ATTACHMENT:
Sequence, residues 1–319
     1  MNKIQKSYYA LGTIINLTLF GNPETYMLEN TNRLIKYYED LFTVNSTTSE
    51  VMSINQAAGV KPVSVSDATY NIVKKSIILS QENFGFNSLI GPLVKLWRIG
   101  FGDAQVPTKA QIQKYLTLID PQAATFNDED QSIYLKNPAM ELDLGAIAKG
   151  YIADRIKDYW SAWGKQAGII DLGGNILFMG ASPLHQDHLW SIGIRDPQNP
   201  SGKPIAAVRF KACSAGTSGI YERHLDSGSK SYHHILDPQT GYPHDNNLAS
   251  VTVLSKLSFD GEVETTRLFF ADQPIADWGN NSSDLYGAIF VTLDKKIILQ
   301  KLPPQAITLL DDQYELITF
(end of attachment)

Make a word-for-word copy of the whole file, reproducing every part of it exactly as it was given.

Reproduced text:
Sequence, residues 1–319
     1  MNKIQKSYYA LGTIINLTLF GNPETYMLEN TNRLIKYYED LFTVNSTTSE
    51  VMSINQAAGV KPVSVSDATY NIVKKSIILS QENFGFNSLI GPLVKLWRIG
   101  FGDAQVPTKA QIQKYLTLID PQAATFNDED QSIYLKNPAM ELDLGAIAKG
   151  YIADRIKDYW SAWGKQAGII DLGGNILFMG ASPLHQDHLW SIGIRDPQNP
   201  SGKPIAAVRF KACSAGTSGI YERHLDSGSK SYHHILDPQT GYPHDNNLAS
   251  VTVLSKLSFD GEVETTRLFF ADQPIADWGN NSSDLYGAIF VTLDKKIILQ
   301  KLPPQAITLL DDQYELITF